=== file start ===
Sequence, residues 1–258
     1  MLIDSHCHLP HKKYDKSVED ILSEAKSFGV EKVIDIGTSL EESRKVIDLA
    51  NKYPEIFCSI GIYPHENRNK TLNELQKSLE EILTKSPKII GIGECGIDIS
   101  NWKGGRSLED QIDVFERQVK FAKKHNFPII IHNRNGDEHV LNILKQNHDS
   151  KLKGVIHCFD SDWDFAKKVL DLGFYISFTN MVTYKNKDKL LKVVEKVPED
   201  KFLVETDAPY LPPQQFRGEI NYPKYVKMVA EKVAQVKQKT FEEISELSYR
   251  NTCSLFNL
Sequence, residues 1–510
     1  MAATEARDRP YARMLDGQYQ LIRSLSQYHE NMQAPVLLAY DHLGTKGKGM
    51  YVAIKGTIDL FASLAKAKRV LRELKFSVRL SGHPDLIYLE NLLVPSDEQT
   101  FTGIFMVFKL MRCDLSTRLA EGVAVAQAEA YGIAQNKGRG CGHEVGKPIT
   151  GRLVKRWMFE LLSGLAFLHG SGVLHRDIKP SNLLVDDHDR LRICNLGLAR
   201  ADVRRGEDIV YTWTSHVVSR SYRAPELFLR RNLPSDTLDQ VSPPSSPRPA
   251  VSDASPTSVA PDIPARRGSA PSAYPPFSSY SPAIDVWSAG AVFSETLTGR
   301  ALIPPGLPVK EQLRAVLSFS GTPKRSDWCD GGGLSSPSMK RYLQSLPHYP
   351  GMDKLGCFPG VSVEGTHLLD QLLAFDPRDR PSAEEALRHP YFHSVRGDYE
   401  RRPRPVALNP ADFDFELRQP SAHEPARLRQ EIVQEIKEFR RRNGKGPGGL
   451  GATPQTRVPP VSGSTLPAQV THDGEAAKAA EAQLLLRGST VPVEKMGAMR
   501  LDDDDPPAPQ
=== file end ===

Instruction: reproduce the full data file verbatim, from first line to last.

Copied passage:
Sequence, residues 1–258
     1  MLIDSHCHLP HKKYDKSVED ILSEAKSFGV EKVIDIGTSL EESRKVIDLA
    51  NKYPEIFCSI GIYPHENRNK TLNELQKSLE EILTKSPKII GIGECGIDIS
   101  NWKGGRSLED QIDVFERQVK FAKKHNFPII IHNRNGDEHV LNILKQNHDS
   151  KLKGVIHCFD SDWDFAKKVL DLGFYISFTN MVTYKNKDKL LKVVEKVPED
   201  KFLVETDAPY LPPQQFRGEI NYPKYVKMVA EKVAQVKQKT FEEISELSYR
   251  NTCSLFNL
Sequence, residues 1–510
     1  MAATEARDRP YARMLDGQYQ LIRSLSQYHE NMQAPVLLAY DHLGTKGKGM
    51  YVAIKGTIDL FASLAKAKRV LRELKFSVRL SGHPDLIYLE NLLVPSDEQT
   101  FTGIFMVFKL MRCDLSTRLA EGVAVAQAEA YGIAQNKGRG CGHEVGKPIT
   151  GRLVKRWMFE LLSGLAFLHG SGVLHRDIKP SNLLVDDHDR LRICNLGLAR
   201  ADVRRGEDIV YTWTSHVVSR SYRAPELFLR RNLPSDTLDQ VSPPSSPRPA
   251  VSDASPTSVA PDIPARRGSA PSAYPPFSSY SPAIDVWSAG AVFSETLTGR
   301  ALIPPGLPVK EQLRAVLSFS GTPKRSDWCD GGGLSSPSMK RYLQSLPHYP
   351  GMDKLGCFPG VSVEGTHLLD QLLAFDPRDR PSAEEALRHP YFHSVRGDYE
   401  RRPRPVALNP ADFDFELRQP SAHEPARLRQ EIVQEIKEFR RRNGKGPGGL
   451  GATPQTRVPP VSGSTLPAQV THDGEAAKAA EAQLLLRGST VPVEKMGAMR
   501  LDDDDPPAPQ